Tornadoes, hurricanes, storms and garage doors
Often being the largest opening on most homes, the garage door is usually the most vulnerable to failure under high wind pressure such as hurricanes, tornadoes and storms in general. The pressure of the wind can destroy the garage doors during a storm that allows water and wind to enter the house. This can cause significant damage to furniture, electronic equipment, the contents in general as well as the house’s structure. The garage door is often overlooked when strengthening the structure against high winds.
Massive building failures and strong winds have convinced storm-prone communities that residents must be prepared to employ active or passive reinforcement systems for their garage doors. An active system is that specific type of reinforcement that must be installed before a high-wind event while passive systems are built into the product and don’t need any activation from the owner. For the home owner in hurricane-prone areas there are only two real options: either a new garage door with a built in passive reinforcement system or a garage door reinforcement kit.
The option of totally replacing the garage door is usually an expensive procedure so a garage door reinforcement kit would be a good choice if your budget for remodeling your garage is low. Although is rather expensive, a new garage door offers a more secure and safe option in front of a high wind.
If you’d rather choose the cheapest option, that is to reinforce your garage door you can protect your home in one of the following ways: first of all install pressure or impact resistant devices, such as shutters, panels, accordion fold shutters on the garage doors or install pressure/impact resistant garage doors that do not require shutters. If your existing door is impact resistant but it is not wind pressure rated, install an approved garage door bracing system to increase the wind pressure resistance. A pressure/impact resistant rating ensures that the device meets the wind pressure and debris impact requirements of the Southern Building Code Congress International standards or the July 1988 wind pressure and debris impact requirements of the American Society of Civil Engineers adopted in September 1994.
When adding a garage door bracing first ensure that there is enough and relevant documentation that the product has been tested at a certified testing laboratory. The product should be designed to withstand both positive and negative wind pressure. You should contact a local garage door supplier of approved garage door bracing systems to assist you in the selection of the necessary system for your needs.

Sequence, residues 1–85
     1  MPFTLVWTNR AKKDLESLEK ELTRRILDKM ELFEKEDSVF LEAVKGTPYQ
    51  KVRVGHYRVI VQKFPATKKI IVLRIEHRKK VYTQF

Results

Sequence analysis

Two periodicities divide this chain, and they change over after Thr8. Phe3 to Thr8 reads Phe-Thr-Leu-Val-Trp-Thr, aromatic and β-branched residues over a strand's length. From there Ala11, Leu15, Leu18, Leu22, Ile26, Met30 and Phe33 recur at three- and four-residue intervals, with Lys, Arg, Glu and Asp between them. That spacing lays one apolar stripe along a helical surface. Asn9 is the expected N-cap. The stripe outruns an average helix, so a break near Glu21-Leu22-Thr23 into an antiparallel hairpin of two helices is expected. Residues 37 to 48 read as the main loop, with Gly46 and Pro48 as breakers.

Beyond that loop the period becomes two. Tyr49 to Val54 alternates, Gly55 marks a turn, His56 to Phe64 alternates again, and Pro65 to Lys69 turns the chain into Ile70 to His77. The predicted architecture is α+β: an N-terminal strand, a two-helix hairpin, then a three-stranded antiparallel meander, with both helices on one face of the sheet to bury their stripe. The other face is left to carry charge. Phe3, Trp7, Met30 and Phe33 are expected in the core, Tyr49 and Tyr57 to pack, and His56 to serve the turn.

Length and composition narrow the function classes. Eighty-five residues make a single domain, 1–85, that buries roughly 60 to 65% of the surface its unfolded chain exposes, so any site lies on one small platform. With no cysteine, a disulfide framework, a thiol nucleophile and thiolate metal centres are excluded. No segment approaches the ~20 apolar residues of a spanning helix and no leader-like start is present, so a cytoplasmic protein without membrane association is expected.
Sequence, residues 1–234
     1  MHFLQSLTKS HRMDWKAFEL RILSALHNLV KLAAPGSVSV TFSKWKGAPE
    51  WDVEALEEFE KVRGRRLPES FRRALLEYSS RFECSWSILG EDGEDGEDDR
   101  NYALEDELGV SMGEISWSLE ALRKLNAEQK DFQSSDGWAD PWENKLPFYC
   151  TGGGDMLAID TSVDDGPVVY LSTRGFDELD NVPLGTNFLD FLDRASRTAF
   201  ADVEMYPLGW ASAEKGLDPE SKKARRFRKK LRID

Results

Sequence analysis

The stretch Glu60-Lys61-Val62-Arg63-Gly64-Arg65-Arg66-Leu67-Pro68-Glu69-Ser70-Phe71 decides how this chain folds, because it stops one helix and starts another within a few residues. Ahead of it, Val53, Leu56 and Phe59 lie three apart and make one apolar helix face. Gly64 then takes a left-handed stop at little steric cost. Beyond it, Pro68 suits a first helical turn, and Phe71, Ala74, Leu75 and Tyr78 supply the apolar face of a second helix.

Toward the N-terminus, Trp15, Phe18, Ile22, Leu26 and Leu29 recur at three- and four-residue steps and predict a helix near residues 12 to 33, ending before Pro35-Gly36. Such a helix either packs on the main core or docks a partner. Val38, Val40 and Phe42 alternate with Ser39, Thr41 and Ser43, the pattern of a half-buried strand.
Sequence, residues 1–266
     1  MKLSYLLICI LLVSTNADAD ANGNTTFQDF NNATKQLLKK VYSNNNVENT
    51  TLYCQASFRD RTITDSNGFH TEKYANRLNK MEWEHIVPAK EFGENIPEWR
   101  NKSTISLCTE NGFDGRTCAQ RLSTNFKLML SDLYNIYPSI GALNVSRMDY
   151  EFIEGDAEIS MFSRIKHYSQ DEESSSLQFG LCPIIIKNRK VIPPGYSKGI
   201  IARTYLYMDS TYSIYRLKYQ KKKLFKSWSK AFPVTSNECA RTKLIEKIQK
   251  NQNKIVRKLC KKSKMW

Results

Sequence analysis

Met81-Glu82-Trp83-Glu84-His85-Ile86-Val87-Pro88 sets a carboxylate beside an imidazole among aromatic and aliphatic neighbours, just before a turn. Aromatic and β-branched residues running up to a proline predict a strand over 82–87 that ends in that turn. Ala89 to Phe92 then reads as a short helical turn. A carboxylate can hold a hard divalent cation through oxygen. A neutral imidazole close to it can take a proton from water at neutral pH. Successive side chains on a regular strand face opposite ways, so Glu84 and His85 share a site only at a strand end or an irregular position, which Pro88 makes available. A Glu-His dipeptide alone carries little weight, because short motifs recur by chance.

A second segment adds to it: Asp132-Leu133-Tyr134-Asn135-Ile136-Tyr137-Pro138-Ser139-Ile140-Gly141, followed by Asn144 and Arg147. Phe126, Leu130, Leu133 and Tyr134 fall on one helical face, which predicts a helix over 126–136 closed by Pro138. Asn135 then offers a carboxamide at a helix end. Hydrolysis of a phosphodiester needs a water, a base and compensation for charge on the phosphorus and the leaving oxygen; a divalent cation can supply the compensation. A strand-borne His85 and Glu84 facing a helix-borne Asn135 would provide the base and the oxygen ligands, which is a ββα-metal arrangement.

Insulating you garage
You recently bought a house that has a bedroom addition above the garage but it is not insulated. Adding insulation should make those rooms more comfortable and save on energy bills. There are several options for insulating above the garage. Depending on the local building codes, the size of the area, whether you decide to hire a professional or do it yourself and maybe the most important factor is your budget.
If you have a sheet rocked garage, the fastest way would be to have blown-in insulation installed behind the sheetrock. A fair warning here, the blown-in insulation may be expensive if your garage is small. If your garage is not sheet rocked you have to install lame-spread rated batt insulation and cover it with sheetrock. First check your local building codes for the requirements of the thickness of the sheetrock for garages including fire safety rules. The lack of smoke detectors in a garage and the possible storage of flammable and combustible liquids can cause a garage to be considered a hazardous space. This is the reason why you should contact a local contractor to help you in insulating this space.